Katie Spencer, PhD, assistant professor, is the new coordinator of Transgender Health Services at PHS. Spencer is eager to continue to bring the program in line with current best practices in transgender care, increase operational transparency, and deepen community collaborations.
Spencer believes that, "In recent years there has been a huge and welcomed shift in health care for transgender and gender nonconforming individuals. Across the nation and locally more physicians and mental health providers are being trained to provide quality care for transgender and gender nonconforming patients, which increases access for trans clients. Part of our role is to continue to engage in cutting-edge research, training, and clinical service to break down barriers to competent care for trans clients. We have also seen a ground swell in community organizations that provide support to individuals across the gender spectrum. It is an exciting time to be in transgender health care, with multiple opportunities for collaboration, capacity building, and expanding the framework of how we provide trans clients the best holistic health care."
Over the last month Spencer has started to systematically incorporate the recommendations from the revised Standards of Care for the Health of Transsexual, Transgender, and Gender Nonconforming People as well as science-based research on trans health into the operations of the Center for Sexual Health. This process includes updating staff and patient materials as well as clinical procedures. She is also meeting with community organizations, community health care providers, and colleagues in the region to discuss possible collaborations and partnerships. Spencer will be reviving a community advisory board to focus on the Transgender Health Services program. Spencer's longer-term goals include developing a patient peer mentor program, revamping the group therapy model, and creating a community support space for patients and families that would include a library or resource materials on health, legal, and social support issues.
Spencer believes in empowering patients to have more say in their own and their community's care, revising our model of care to reflect patient-centered, patient-informed, and collaborative models of care, consistent with feedback from trans health care advocates and research on best outcomes for patient care. Spencer said, "My goal is to build on our successes in developing innovative research and public policy in the area of transgender health and incorporate these principles into a strong and cohesive framework that supports all aspects of our work in clinical care, new research, and community advocacy."
In addition to her clinical work, Spencer works with multiple community organizations working to educate about LGBT healthcare issues and primarily transgender healthcare. She works with the Minnesota Trans Youth Support Network on the Community Hormone Access Project, partnering with community advocates and trans youth to develop community based hormone protocols for transgender care, in hopes to increase access to competent care and hormone provision for trans youth. She recently participated in the development of a theatre educational project for high schools on transgender youth issues. Spencer provides training, education, and consultation on sexual health and transgender issues, and has worked with the Family Tree Clinic, Face to Face Health and Counseling Services, Fairview Clinics, the University of North Dakota, and the Minneapolis Veterans Administration. Spencer often speaks about the intersections of LGBT rights and impact on wellbeing, and recently presented a First Friday Forum for the Minnesota Psychological Association on the psychological research on same sex marriage.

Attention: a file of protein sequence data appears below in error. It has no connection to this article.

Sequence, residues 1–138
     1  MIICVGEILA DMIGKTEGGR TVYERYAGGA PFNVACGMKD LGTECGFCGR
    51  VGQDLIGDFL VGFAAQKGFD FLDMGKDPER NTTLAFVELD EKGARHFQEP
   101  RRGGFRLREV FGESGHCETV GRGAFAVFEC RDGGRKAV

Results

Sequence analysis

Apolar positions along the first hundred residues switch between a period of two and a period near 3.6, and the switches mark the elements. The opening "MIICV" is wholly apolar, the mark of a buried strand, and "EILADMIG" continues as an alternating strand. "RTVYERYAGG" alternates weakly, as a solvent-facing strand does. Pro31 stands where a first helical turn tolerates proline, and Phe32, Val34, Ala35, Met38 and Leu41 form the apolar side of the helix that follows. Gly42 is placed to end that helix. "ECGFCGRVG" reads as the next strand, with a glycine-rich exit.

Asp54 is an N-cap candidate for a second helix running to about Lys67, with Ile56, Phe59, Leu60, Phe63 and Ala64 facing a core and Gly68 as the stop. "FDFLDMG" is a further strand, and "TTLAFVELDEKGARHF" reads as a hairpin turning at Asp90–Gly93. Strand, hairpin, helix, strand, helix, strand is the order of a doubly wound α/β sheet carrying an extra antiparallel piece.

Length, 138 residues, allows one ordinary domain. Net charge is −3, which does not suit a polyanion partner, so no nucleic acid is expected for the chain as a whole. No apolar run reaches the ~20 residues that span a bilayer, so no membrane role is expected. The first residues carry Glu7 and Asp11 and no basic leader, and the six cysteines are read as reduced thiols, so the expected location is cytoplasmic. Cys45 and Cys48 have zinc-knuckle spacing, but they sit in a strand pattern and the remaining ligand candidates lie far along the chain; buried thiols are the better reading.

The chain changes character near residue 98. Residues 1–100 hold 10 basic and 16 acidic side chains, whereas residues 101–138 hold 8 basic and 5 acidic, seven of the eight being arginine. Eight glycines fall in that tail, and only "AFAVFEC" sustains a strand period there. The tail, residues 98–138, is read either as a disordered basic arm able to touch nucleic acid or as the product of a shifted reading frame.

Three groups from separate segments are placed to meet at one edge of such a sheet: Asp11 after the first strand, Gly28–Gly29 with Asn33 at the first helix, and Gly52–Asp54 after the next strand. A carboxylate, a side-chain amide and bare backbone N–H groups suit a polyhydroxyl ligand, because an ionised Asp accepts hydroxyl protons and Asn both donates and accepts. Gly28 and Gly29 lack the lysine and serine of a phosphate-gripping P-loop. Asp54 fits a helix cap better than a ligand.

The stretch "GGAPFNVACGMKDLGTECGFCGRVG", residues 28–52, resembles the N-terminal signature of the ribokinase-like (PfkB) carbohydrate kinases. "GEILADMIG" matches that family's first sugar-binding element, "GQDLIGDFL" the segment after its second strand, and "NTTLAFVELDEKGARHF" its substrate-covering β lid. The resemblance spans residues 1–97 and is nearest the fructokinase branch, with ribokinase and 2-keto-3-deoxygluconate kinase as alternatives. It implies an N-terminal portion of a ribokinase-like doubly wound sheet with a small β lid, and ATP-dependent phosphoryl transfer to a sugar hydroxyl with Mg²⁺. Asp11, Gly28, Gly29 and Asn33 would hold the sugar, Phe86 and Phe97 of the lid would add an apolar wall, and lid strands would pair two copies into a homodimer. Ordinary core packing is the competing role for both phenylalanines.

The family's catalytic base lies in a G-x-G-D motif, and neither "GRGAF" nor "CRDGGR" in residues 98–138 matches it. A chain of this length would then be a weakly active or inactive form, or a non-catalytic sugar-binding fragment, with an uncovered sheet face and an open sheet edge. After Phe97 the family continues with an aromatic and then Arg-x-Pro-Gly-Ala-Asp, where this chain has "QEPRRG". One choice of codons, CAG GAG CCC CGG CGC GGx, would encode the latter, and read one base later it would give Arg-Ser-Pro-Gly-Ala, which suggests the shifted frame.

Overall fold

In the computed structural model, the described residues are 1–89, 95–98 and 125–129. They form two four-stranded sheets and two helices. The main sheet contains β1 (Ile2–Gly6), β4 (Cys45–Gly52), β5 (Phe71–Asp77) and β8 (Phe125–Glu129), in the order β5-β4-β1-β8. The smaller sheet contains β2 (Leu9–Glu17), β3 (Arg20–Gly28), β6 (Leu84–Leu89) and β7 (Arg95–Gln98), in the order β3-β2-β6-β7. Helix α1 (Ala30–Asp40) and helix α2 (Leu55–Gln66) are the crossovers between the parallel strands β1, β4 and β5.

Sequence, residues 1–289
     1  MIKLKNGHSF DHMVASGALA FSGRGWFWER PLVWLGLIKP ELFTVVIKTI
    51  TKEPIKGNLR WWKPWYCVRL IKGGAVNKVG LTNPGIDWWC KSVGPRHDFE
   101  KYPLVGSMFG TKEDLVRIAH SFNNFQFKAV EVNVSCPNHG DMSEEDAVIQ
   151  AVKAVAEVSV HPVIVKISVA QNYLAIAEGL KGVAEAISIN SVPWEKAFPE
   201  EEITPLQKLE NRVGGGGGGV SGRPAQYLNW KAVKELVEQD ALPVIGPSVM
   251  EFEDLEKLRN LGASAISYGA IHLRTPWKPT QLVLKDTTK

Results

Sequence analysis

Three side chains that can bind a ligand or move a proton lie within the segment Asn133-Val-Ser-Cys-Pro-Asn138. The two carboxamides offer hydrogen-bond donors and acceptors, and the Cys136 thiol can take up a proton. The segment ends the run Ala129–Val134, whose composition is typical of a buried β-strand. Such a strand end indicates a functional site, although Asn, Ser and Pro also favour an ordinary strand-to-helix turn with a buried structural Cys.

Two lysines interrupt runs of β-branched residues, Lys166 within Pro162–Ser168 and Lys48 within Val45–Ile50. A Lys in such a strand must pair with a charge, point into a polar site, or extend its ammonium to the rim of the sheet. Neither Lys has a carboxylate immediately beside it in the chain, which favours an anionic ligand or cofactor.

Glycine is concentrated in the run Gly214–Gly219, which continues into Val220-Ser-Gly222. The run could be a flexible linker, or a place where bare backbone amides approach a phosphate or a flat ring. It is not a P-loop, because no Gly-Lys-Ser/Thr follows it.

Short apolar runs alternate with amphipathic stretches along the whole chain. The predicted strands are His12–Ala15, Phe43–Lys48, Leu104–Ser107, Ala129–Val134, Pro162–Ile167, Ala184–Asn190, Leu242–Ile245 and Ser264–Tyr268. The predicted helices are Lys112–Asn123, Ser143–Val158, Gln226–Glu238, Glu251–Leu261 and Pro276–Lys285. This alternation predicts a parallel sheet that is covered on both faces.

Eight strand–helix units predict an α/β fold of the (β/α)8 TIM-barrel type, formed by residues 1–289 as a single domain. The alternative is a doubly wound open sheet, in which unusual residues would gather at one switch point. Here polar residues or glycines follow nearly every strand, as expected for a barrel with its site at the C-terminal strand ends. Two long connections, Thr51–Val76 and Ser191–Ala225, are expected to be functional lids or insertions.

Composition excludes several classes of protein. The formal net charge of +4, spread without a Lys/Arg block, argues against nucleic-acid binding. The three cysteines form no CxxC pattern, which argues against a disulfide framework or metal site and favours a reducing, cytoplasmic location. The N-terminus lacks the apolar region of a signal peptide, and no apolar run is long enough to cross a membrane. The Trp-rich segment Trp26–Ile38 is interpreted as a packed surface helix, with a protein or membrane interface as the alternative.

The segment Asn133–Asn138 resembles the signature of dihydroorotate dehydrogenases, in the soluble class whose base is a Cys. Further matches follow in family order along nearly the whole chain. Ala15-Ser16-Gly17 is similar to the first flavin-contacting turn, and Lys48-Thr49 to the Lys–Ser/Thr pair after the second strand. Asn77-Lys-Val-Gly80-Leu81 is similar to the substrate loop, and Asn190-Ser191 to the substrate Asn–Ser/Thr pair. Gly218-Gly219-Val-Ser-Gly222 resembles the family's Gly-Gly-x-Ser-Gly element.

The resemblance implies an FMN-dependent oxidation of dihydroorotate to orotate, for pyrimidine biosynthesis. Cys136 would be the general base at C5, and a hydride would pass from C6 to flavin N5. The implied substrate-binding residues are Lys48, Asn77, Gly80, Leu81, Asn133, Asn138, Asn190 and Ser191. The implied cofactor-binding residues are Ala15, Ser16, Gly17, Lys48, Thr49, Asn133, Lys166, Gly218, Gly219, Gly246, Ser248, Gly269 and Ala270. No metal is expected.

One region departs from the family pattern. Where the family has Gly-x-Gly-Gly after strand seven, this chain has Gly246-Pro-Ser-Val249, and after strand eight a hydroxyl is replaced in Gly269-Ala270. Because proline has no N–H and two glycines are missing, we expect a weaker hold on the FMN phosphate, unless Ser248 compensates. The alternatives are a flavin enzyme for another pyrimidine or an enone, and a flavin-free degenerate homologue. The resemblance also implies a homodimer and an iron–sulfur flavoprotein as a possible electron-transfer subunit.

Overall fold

Spencer received her MA and PhD in counseling psychology from the University of Missouri-Columbia. She received her BA in women's studies and psychology from the University of Wisconsin-Madison. Her internship was completed at the University of Illinois-Chicago Counseling Center, and she was a postdoctoral fellow at PHS. She has a strong interest social justice, and education and training of therapists and medical providers in sexual health and transgender health care competency. Her primary clinical practice is working with transgender and gender non-conforming, adolescents, and adults, women's sexual health, and LGBT sexual health and wellbeing. She co-facilitates several groups, including the gender exploration group for youth and their families, the women's sexual health group, and transgender adult interpersonal groups. She has experience working with compulsive sexual behavior and general sexual dysfunction concerns. Her research and clinical interests focus on cultural competency in working with LGB and transgender populations, LGBT sexual health, sex therapy with LGBT couples, trans youth, and feminist embodied approaches to sexual health.
Spencer became coordinator of Transgender Health Services in October 2012, when the former coordinator Walter Bockting, PhD, joined the Initiative for LGBT Health a new program at the New York Psychiatric Institute and the Columbia University.
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